New Hampshire Supreme Court Mostly Affirms Enforcement of Ordinance That Prohibits Short-Term Rentals of Properties Unless Owner Occupied and Operated
The New Hampshire Supreme Court (“Supreme Court”) recently addressed an appeal of a local ordinance that prohibited short-term rentals of residential properties unless they were owner occupied and operated. In effect, the decision upholds local authority to restrict vacation-home rentals through such popular services as Airbnb and VRBO, or Vacation Rental By Owner.
In Andrews v. Kearsarge Lighting Precinct, No. 2021-0543 (N.H. Aug. 31, 2023) (non-precedential), the Supreme Court upheld most of a Superior Court decision that affirmed enforcement of the ordinance. The Supreme Court reversed as to one finding that the plaintiffs lacked standing to challenge the ordinance as ultra vires, or exceeding the authority of the town to regulate such matters.
Christopher and Kelly Andrews (“Plaintiffs”) resided in Massachusetts but owned two properties in the Kearsarge Lighting Precinct (“KLP”) in Conaway and Bartlett, New Hampshire, which they used for short-term vacation rentals.
In September 2017, the KLP Board of Commissioners (“BOC”) held a public hearing on vacation property rentals, including the two owned by Plaintiffs. At the hearing, residents questioned whether short-term vacation rentals were permitted under the zoning ordinance that required residential-property rentals to be owner occupied and operated. After the hearing, the BOC approved and issued citations to the Plaintiffs and another property owner, Stephen Gleason, for violating the ordinance.
Gleason and Plaintiffs appealed to the Zoning Board Adjustment (“ZBA”), which held hearings and upheld the BOC’s citations. In its letter decision, the ZBA argued the ordinance demonstrated intent to maintain a quiet neighborhood of residents by requiring owners to be onsite to check guest behavior.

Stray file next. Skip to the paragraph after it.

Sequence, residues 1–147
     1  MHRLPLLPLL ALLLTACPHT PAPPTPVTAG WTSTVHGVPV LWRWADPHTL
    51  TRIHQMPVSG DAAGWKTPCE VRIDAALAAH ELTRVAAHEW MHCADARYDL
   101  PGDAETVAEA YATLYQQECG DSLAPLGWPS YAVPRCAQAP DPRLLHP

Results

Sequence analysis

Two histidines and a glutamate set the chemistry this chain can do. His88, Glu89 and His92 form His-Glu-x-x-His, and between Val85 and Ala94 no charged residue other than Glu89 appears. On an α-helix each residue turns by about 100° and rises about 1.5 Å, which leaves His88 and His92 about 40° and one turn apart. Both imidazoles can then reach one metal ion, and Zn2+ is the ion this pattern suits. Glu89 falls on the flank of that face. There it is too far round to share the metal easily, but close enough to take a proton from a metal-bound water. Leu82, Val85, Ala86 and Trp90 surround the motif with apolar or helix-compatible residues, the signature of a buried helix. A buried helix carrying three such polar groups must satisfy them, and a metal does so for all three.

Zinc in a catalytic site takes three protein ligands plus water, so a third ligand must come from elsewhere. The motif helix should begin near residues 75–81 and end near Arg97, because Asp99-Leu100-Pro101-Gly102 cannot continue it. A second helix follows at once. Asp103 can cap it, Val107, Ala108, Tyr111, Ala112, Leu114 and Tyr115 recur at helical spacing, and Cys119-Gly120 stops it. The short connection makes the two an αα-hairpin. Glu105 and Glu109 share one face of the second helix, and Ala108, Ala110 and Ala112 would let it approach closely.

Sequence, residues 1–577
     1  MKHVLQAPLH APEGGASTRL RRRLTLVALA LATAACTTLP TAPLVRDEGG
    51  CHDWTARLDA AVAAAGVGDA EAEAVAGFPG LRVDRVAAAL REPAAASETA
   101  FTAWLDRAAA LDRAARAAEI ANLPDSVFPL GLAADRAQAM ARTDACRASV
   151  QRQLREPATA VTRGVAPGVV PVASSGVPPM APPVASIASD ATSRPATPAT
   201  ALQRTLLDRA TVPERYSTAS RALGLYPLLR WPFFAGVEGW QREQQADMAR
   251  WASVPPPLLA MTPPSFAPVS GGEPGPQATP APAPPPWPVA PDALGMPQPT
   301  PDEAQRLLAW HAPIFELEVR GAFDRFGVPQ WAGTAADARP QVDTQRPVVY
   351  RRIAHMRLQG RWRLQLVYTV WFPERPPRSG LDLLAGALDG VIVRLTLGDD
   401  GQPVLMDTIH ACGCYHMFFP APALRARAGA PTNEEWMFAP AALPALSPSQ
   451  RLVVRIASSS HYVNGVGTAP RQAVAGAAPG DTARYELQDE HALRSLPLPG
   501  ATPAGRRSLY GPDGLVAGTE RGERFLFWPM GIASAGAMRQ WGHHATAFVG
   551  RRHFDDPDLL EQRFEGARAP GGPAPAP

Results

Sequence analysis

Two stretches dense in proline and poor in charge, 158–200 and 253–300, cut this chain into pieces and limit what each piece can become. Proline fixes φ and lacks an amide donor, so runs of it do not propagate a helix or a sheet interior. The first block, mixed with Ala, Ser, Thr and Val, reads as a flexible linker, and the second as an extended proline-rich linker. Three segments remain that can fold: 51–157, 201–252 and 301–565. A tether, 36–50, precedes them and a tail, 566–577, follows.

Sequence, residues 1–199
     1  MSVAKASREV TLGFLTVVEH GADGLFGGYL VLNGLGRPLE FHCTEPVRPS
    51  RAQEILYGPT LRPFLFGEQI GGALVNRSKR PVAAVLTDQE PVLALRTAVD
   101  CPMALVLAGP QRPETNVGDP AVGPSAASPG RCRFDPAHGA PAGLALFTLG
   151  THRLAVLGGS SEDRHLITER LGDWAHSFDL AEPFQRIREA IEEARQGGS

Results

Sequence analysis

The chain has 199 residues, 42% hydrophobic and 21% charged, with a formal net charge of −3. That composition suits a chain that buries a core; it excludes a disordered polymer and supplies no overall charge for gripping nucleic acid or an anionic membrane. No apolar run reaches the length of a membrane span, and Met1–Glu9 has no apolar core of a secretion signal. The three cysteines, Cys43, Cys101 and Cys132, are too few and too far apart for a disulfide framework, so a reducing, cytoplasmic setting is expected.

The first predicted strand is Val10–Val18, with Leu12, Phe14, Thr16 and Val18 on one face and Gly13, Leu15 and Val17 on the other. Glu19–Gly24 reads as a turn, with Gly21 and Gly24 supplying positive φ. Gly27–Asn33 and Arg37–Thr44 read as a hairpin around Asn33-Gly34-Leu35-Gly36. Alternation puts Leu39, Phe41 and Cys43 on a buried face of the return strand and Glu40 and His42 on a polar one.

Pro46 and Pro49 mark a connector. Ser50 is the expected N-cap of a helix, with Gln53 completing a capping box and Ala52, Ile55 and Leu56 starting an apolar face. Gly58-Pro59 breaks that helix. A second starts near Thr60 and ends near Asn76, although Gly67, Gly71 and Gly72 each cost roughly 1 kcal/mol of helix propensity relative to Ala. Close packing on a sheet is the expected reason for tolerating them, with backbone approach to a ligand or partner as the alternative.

The Plaintiffs filed a motion for rehearing, which the ZBA reviewed and denied. The Plaintiffs then appealed to the trial court under RSA 677:4 (2016). After a hearing, the trial court affirmed the ZBA. It also denied the Plaintiffs’ motion for reconsideration.
On appeal, the Supreme Court of New Hampshire (the “Supreme Court”) addressed several arguments, ultimately affirming in part, reversing in part, and remanding the matter. The Supreme Court began by noting that its review was limited to determining whether the trial court’s decision was supported by reasonable evidence and not legally erroneous.
First, the Plaintiffs argued the trial court had erred in assessing their procedural due process claim, by which they alleged the ZBA was biased because one of its members’ sons had complained at the BOC public meeting and the member had discussed the case with the son outside of a public meeting. The Supreme Court found that issue was not preserved for appellate review because the Plaintiffs failed to raise it at the earliest opportunity below.
Additionally, the Supreme Court was not convinced by the Plaintiffs’ arguments that emails produced in discovery showed bias of the ZBA member. Although the emails were not provided in the appeal, the trial court had found the emails showed the member discussed the KLP matter with his son and other family members, but they showed no prejudgment or bias against the Plaintiffs’ appeal.
Further, the Supreme Court rejected Plaintiffs’ arguments that the ZBA improperly considered information beyond the record, concluding the ZBA could reach decisions based on personal knowledge, experience and observations, and the record did not show any fundamental unfairness from such information. Accordingly, the Plaintiffs failed to show the lower court’s decision on due process was unsupported or legally erroneous.